Akio Toyoda, grandson of the founder of Toyota, raised eyebrows with an unusually passionate and personal “apology.”  He mentions a list of problems, among them a California accident that claimed four lives, describing it as “agonizing” and then declaring that his company was “shamefully” ill-prepared for the global economic situation. (The speech to the National Press Club of Japan drew worldwide headlines. While the language was slightly over-the-top for Japan, where apologizing for bad performance is expected, it’s an example of how communication today is global. Words drive headlines and coverage. It’s also an example of why it’s probably a good idea to think in terms of video. Some reports had Mr. Toyoda saying the company “was near capitulation to irrelevance of death,” and others characterized his comments as saying that not to grapple with the global situation would be tantamount to capitulation to irrelevance or death.)

The New York Times, “Toyota chief offers list of apologies” Oct. 3, 2009

“I can’t speak to addiction but a lot of people would say that if you’re using anything as an escape, you have a problem,” said tennis star Andre Agassi, confirming that he used crystal meth in the late 1990s.  (I guess all we can say is, “It’s book time!” What a shame.  Agassi managed to leave out the portion where he lied about using banned substances. After a failed drug test, Agassi claimed he “accidentally” drank from a soda that had been spiked with meth by someone named “Slim.” The tennis association accepted his explanation and let him off.  So the message to young people is – it’s fine to use meth and banned substances, and if you get caught, just look sad and lie.), “Andre Agassi: I used Crystal Meth,” Oct. 27, 2009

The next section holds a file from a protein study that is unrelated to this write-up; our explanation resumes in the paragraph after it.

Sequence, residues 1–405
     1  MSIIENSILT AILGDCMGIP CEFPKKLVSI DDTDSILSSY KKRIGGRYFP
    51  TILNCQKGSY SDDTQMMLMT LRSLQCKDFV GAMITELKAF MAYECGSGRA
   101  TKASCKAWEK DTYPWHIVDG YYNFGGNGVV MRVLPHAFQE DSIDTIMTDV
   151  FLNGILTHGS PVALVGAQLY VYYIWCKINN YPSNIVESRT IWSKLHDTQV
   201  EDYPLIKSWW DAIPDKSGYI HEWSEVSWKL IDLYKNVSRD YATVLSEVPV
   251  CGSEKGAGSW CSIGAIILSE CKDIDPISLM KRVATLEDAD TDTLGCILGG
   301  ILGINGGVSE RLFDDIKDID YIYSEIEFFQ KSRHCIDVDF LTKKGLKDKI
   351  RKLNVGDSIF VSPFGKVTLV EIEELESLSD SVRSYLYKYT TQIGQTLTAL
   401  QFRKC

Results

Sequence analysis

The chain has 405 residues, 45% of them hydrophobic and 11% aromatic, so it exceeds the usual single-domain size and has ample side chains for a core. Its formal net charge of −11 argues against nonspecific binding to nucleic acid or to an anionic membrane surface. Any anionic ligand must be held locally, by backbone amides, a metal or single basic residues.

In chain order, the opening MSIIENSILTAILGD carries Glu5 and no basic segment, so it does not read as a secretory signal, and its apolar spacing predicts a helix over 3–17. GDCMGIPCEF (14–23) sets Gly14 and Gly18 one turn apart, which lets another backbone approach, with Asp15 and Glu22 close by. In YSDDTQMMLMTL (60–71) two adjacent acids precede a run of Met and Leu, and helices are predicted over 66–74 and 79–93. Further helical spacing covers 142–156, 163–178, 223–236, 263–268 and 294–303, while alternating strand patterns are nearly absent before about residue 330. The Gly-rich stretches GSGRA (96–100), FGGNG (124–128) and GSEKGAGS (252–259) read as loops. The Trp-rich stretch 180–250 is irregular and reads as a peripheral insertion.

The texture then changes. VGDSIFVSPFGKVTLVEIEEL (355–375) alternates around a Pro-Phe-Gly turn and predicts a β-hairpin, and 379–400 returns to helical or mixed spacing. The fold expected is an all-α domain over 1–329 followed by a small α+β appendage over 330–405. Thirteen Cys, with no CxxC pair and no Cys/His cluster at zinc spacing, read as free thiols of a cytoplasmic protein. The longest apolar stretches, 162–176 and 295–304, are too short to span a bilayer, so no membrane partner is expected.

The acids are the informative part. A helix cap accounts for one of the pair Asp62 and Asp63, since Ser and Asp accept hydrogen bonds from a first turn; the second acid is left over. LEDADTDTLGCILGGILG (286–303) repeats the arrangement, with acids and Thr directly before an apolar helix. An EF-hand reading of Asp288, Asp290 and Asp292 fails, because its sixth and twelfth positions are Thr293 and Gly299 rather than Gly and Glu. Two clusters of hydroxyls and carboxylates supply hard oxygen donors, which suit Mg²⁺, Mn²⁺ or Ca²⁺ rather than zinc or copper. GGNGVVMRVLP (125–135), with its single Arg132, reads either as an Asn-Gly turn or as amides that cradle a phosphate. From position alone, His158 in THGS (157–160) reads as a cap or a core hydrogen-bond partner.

The Tribune Company, which is in bankruptcy court, is cutting jobs and sending around memos asking for “shared sacrifices.” However, they found time to ask the court to approve $66 million in bonuses for their executives. The company’s reasoning from CFO Chandler Bigelow III was the bonuses would help “incentivize our key managers to battle all of the intense challenges that unfortunately our local media businesses are facing.”   (A New York Times reporter called the company “tone deaf” and he’s right. What are the others at the company being asked for except to “battle all the intense challenges.” If the company hadn’t loaded up with $8 billion in debt, they’d have a lot fewer “intense challenges.” Then, Chairman Sam Zell raided the employee stock ownership plan in order to takeover the company. Pardon us, he “used” it to takeover the company. “Shared sacrifice?” Why doesn’t management just give everyone a container of Morton Salt, so they can rub it in the self-inflicted wounds?)

The New York Times, “Of Layoffs, Bankruptcy And Bonuses,” Oct. 5, 2009


“Unfortunately, it’s screw the shareholders,”  wrote Bank of America board member, Charles K. Gifford, in an e-mail during briefings about Bank of America accepting a second round of government financing following its takeover of Merrill Lynch. (The recipient of the e-mail, board member Thomas May, actually wrote back to remind Gifford not to e-mail! “No trail,” he replied.  The e-mails have come to light during litigation about whether Bank of America concealed information from shareholders. The two board members later tried to expand the exchange to cover-up its intent, with May responding, “Good comeback!”  Apparently Mr. Gifford was on target.)

The New York Times, “E-mail Show Concerns Over Merrill Deal,” Oct. 14, 2009